China’s Inner Mongolia takes precautions after detecting bubonic plague case

Authorities in China have on Monday stepped up precautions after a city, Bayannur, in the Inner Mongolia autonomous region reported one case of bubonic plague.

According to state reports, the patient – a herdsman – went into a quarantine and is in a stable condition.

Officials revealed that they were also investigating a second suspected case, China’s Global Times reported.

The bubonic plague used to be the world’s most feared disease, but currently it can be easily treated.

The first case has been reported as suspected bubonic plague on Saturday at a hospital in Urad Middle Banner in Bayannur.

To date, it is not yet clear how or why the patient has had become infected.

The second suspected case is a 15-year-old, who had apparently been in contact with a marmot hunted by a dog, Global Times said in a tweet.

China announced a level 3 alert, which bans the hunting and eating of animals that could carry plague and urged the public to report suspected cases, effective until the end of the year.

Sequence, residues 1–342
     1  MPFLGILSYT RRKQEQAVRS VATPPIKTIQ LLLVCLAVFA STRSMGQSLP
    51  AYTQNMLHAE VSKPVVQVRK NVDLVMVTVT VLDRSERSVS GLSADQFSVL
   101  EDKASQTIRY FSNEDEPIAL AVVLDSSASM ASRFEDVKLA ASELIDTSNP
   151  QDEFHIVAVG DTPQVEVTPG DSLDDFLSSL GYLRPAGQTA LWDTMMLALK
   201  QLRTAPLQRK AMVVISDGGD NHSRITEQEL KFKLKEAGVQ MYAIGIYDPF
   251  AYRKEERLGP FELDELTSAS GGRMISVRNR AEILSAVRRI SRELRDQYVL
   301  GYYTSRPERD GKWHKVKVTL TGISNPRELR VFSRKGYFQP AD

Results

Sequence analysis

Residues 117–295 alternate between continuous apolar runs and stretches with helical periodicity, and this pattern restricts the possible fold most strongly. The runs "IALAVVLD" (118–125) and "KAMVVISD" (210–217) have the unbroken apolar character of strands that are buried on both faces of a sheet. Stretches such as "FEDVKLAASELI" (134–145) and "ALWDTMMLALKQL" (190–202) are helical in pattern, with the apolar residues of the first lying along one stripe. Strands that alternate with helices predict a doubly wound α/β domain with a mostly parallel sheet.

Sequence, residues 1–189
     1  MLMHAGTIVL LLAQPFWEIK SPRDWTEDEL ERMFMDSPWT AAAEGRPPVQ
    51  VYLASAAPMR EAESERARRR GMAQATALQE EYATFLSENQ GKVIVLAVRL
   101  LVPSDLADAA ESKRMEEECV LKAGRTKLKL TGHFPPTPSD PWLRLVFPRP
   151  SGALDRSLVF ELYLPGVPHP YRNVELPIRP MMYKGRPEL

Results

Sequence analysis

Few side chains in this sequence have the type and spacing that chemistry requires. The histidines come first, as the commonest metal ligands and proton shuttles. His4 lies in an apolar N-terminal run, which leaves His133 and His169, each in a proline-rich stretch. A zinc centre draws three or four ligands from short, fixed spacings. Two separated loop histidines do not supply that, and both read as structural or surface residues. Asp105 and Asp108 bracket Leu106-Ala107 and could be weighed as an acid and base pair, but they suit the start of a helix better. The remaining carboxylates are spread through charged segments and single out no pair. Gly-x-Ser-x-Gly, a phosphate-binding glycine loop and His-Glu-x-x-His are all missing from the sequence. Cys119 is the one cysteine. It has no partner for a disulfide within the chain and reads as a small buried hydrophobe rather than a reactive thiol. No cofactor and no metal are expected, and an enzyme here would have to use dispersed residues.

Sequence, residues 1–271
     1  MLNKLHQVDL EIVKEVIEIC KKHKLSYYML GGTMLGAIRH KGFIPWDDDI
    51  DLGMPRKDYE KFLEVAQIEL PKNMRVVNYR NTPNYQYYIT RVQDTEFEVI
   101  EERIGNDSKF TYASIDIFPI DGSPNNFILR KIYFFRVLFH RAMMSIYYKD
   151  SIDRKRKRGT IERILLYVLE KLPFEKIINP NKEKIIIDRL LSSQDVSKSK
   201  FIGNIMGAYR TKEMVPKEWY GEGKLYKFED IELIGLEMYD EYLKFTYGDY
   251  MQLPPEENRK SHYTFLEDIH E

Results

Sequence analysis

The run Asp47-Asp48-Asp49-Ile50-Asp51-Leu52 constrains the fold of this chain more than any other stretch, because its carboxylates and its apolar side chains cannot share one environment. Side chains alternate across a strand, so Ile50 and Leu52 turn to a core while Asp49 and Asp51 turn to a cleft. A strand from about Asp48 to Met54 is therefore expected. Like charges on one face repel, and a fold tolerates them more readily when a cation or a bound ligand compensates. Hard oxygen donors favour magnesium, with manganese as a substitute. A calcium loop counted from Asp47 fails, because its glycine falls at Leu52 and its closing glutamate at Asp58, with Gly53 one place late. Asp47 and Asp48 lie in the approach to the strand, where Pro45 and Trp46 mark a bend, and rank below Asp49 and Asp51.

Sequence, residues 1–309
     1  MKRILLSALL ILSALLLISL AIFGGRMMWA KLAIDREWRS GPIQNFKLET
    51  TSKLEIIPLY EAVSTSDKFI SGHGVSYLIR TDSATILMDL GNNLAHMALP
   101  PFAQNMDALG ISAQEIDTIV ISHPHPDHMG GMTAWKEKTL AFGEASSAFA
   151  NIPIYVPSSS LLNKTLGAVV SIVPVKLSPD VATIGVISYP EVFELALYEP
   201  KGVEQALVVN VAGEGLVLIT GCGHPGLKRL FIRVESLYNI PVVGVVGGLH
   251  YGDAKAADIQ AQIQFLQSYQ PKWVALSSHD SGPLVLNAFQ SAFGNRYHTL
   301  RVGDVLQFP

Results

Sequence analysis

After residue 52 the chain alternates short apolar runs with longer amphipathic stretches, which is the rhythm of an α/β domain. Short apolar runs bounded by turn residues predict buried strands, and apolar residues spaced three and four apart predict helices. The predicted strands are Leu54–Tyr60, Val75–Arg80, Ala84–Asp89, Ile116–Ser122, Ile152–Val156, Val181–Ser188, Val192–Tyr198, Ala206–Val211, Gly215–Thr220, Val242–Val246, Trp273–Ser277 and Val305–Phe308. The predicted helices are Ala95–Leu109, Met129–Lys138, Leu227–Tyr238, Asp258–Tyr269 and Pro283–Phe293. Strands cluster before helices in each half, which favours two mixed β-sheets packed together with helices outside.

About bubonic plague

Bubonic plague is caused by bacterial infection. It was once responsible for one of the deadliest epidemics in human history – the Black Death – which killed around 50 million people across Africa, Asia, and Europe in the 14th Century. Since then, there was a handful of large outbreaks, which killed around a fifth of London’s population during the Great Plague of 1665. In addition, over 12 million people died in outbreaks during the 19th Century in China and India.

However, it can be now treated by antibiotics. If it is left untreated, the disease – which is typically transmitted from animals to humans through fleas – has a 30-60 percent fatality rate.

Symptoms of the plague include high fever, chills, nausea, weakness and swollen lymph nodes in the neck, armpit or groin.

Is it possible to see another epidemic?

Bubonic plague infections are rare. However, there are a few flare-ups of the disease from time to time.

For instance, Madagascar had reported more than 300 cases during an outbreak in 2017, yet a study in medical journal The Lancet found less than 30 people died.

In May 2019, two people in the country of Mongolia died from the bubonic plague as they contracted the disease after eating the raw meat of a marmot – the same type of rodent the second suspected case came into contact with.

However, it’s unlikely any cases will lead to an epidemic, BBC reported.

“Unlike in the 14th Century, we now have an understanding of how this disease is transmitted,” Dr. Shanti Kappagoda, an infectious diseases doctor at UK’s Stanford Health Care, told news site Heathline.

“We know how to prevent it. We are also able to treat patients who are infected with effective antibiotics.” Kappagoda added.